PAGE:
DHS eyes new data center

The Homeland Security Department is looking to IT companies for ideas on building a second, redundant data center to supplement the one it operates under an agreement with the Navy.

In a request for information, the Office of Procurement Operations is asking for industry input in developing objectives, performance metrics and service-level agreements for a performance-based service contract.

In its statement of objectives, the agency listed the second data center as being a large, redundant, secure, scalable capability that will operate in an 'active-active' mode with the first, 100,000-square-foot data center.

The active-active mode is defined as a design that 'will provide DHS with sufficient backup, disaster recovery and continuity of operations' in an emergency event. The design also will improve availability and prevent data loss in the event of a complete data center capability failure. The active-active configuration also allows for system upgrades and maintenance to be performed with little to no downtime.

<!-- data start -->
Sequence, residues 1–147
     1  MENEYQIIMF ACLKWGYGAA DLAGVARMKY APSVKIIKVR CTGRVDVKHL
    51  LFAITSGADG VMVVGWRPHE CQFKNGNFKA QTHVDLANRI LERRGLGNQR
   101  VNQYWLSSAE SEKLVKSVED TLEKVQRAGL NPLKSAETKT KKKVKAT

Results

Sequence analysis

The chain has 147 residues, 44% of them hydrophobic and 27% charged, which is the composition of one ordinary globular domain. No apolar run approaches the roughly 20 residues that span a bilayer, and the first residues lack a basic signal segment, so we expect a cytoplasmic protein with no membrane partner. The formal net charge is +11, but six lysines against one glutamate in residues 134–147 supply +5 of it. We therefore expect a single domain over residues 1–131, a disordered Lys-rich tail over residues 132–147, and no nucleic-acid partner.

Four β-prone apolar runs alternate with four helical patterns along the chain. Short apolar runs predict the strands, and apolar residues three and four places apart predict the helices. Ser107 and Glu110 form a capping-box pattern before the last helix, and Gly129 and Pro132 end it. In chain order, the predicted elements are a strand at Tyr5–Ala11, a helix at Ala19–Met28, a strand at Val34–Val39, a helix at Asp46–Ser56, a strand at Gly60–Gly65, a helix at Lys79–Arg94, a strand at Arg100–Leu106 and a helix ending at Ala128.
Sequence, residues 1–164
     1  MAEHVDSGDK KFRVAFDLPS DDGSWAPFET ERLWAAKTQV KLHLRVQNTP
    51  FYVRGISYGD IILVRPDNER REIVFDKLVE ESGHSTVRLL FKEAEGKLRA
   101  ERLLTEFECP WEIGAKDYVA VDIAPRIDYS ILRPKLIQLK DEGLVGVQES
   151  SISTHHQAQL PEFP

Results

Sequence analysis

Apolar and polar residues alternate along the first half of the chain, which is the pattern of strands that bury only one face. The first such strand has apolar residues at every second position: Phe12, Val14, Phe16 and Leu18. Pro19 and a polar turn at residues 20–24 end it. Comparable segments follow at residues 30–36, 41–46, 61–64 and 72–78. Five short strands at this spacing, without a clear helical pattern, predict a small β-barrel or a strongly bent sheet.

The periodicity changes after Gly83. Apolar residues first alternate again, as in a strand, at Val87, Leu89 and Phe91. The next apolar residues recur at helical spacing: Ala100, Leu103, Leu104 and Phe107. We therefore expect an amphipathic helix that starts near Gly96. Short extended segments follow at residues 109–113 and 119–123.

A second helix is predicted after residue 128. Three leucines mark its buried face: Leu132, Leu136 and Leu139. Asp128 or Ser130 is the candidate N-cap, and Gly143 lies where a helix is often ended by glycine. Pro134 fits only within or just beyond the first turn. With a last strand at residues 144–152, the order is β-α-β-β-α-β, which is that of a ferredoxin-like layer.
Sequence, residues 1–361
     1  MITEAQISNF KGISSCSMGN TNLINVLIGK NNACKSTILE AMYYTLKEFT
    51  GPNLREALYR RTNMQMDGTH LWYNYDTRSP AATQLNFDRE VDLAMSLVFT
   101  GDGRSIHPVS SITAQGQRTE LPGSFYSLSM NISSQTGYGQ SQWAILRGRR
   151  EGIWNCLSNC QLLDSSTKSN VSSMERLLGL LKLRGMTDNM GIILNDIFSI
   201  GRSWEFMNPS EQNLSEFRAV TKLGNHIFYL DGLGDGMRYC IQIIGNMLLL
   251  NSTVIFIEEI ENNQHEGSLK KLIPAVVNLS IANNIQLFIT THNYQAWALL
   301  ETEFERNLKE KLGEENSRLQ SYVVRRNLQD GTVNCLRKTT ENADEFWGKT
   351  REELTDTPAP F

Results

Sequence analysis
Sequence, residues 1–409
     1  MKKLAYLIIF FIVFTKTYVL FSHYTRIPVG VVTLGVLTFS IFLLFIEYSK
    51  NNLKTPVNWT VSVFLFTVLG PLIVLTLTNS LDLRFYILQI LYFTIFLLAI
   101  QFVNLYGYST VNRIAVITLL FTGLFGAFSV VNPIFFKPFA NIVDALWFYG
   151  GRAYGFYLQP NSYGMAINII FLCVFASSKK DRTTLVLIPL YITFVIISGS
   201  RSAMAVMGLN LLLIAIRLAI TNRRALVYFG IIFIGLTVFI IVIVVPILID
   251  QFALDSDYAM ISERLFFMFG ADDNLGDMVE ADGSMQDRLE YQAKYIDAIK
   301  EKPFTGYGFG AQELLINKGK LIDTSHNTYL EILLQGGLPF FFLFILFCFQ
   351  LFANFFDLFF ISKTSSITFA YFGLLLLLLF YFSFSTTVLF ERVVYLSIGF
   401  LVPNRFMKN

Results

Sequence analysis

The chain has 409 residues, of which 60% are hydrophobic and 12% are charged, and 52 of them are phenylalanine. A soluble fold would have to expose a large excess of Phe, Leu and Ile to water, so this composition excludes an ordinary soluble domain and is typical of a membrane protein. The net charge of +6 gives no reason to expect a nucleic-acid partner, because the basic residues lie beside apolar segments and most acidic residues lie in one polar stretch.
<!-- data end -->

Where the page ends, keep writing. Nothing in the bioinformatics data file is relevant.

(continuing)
The two data centers will be separated geographically but fully integrated operationally, DHS said in its statement.

To ensure an uninterrupted source of commercial electricity, the two data centers should be located on separate power grids, if possible, the agency statement said. If one grid loses power, operations can continue with power from the second grid.

The existing data center is located within the Eastern Interconnect power grid. If it is not possible to put the centers on separate grids, the vendor for the second data center must furnish a plan for mitigating the risk to operations if the Eastern Interconnect grid loses power.

Alice Lipowicz is a staff writer for Government Computer News' sister publication, Washington Technology.

About the Author

Alice Lipowicz is a staff writer covering government 2.0, homeland security and other IT policies for Federal Computer Week.

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